Taxation Without Representation; The Collateral Damage of Crony Capitalism

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Posted by Katie McAuliffe on Monday, November 16th, 2015, 4:42 PM PERMALINK

For several years now, big box retailers have been pushing Congress to implement sales taxes on the interstate transactions that the Supreme Court has ruled off-limits baring legislation..  While these big box stores claim to be after “parity”, the end result would be punitive to small mom-and-pop retailers that are less well equipped to navigate the considerable red tape and audit threats from thousands of taxing jurisdictions around the country.

The irony is that the big box stores have wrapped themselves in the mantle of “main street” and neglect to mention that the real impetus for the federal institution of online sales taxes comes almost exclusively from the biggest retailers in the country.  Ten of the biggest ten retailers in the country are pressing for interstate sales tax legislation, and even eight of the top ten internet retailers are pushing for taxation.

The two main bills being pushed by the big box retailers this year are the Remote Transactions Parity Act (RPTA) and the Marketplace Fairness Act (MFA). In addition to the tax increases on consumers they both layer more regulatory burdens on small businesses and set a dangerous precedent for taxation without representation by extending collection duties and audit targets outside a state’s own borders.

Many state governors and their allies in the legislatures have made allies of the big box stores in their attempts to pass online sales tax.  In working to feed the monster of big government, the alliance of the retailers and government officials is making exactly the point Carly Fiorina was trying to get across on Wednesday night: Big government benefits the powerful and well-connected.

Don’t believe the claims of the tax-and-spend crowd at the state level when they claim citizens already owe the tax and they can’t collect it.  The truth is that as a practical matter almost no attempt is made to collect “use” taxes because they are deeply unpopular and most taxpayers don’t believe they owe them.  The taxing authorities want someone else to collect their taxes for them; hence the idea of forcing online retailers in other states to do their dirty work for them.


Then when the businesses in other states run afoul of one or more of the thousands of taxing jurisdictions they can look forward to countless audits and lawsuits, with no recourse to any elected official that needs their votes.  The online sales tax isn’t about “leveling the playing field” or giving states taxes they need and deserve; it’s about vastly expanding the powers of states beyond their borders.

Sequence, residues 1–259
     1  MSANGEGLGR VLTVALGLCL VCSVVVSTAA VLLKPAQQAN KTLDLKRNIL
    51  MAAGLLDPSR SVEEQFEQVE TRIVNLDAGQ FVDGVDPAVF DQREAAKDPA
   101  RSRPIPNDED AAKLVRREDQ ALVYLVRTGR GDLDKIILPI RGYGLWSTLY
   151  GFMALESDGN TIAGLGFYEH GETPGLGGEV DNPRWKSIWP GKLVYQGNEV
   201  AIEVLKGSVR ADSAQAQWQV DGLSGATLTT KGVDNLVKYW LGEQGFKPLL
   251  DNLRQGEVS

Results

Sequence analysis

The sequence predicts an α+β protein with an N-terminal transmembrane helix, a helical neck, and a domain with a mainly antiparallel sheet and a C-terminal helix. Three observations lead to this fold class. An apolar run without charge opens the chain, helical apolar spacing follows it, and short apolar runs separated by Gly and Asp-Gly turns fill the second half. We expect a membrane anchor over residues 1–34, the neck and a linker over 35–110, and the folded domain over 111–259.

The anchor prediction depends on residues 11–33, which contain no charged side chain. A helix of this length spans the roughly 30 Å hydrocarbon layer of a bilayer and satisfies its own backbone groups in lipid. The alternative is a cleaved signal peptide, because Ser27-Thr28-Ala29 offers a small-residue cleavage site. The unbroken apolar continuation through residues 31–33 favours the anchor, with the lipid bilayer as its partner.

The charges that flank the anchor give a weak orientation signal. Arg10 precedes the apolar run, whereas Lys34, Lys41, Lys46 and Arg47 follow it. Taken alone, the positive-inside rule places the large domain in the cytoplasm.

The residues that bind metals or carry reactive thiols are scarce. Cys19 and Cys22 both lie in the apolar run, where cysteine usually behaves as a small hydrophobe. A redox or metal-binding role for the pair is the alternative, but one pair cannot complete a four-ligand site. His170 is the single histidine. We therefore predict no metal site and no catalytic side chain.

Should either online sales tax bill become law, online retailers will be faced with over 10,000 complicated tax codes, including 45 state sales taxes and local tax jurisdictions. 


The costs of imposing these online sales tax proposals represent another big hit to small businesses.  While the bills provide for “free” software and installation, the cost of maintenance and upgrades would range in the hundreds of thousands of dollars.  These costs will have little effect on larger corporations, but it will certainly stifle smaller businesses.

These bills are vastly unpopular with voters across the spectrum.  According to polling conducted by the National Taxpayers Union and the RStreet Institute, 57 percent of respondents were opposed to an online sales tax.  Broken down by party affiliation 65 percent of Republicans, 56 percent of Independents, and 48 percent (to 43 percent) of Democrats were opposed.

In an attempt to force the tax through, legislators have actually held hostage a vote on The Internet Tax Freedom Forever Act.  This legislation would make the current Internet Tax Moratorium permanent, ending any possibility of states taxing Internet access, and ensure that there are no discriminatory taxes on e-commerce.  But the powerful interests have blocked the bill unless and until some kind of online sales tax is attached to it.

In the Republican debate, when Carly Fiorina reminded us that big government benefits the rich, powerful and well connected she made critical points.  When she said, “Government trying to level the playing field between Internet and brick and mortar causes a problem,”  she was right on target. 

Internet sales taxes are about the most powerful retailers in the country raising taxes on their competitors.  It’s that simple.